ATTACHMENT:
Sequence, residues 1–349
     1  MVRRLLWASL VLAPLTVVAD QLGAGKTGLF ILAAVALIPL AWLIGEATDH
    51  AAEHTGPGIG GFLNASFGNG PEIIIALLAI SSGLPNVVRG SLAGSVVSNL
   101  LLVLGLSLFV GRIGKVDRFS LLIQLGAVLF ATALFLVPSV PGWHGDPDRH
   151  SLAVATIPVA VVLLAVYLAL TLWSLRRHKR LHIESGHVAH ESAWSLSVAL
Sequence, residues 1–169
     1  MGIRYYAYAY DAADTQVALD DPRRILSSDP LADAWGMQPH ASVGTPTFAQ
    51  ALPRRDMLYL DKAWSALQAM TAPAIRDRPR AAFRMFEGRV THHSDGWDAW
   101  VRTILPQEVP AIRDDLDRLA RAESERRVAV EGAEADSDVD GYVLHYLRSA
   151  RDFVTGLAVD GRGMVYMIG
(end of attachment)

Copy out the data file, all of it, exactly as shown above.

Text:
Sequence, residues 1–349
     1  MVRRLLWASL VLAPLTVVAD QLGAGKTGLF ILAAVALIPL AWLIGEATDH
    51  AAEHTGPGIG GFLNASFGNG PEIIIALLAI SSGLPNVVRG SLAGSVVSNL
   101  LLVLGLSLFV GRIGKVDRFS LLIQLGAVLF ATALFLVPSV PGWHGDPDRH
   151  SLAVATIPVA VVLLAVYLAL TLWSLRRHKR LHIESGHVAH ESAWSLSVAL
Sequence, residues 1–169
     1  MGIRYYAYAY DAADTQVALD DPRRILSSDP LADAWGMQPH ASVGTPTFAQ
    51  ALPRRDMLYL DKAWSALQAM TAPAIRDRPR AAFRMFEGRV THHSDGWDAW
   101  VRTILPQEVP AIRDDLDRLA RAESERRVAV EGAEADSDVD GYVLHYLRSA
   151  RDFVTGLAVD GRGMVYMIG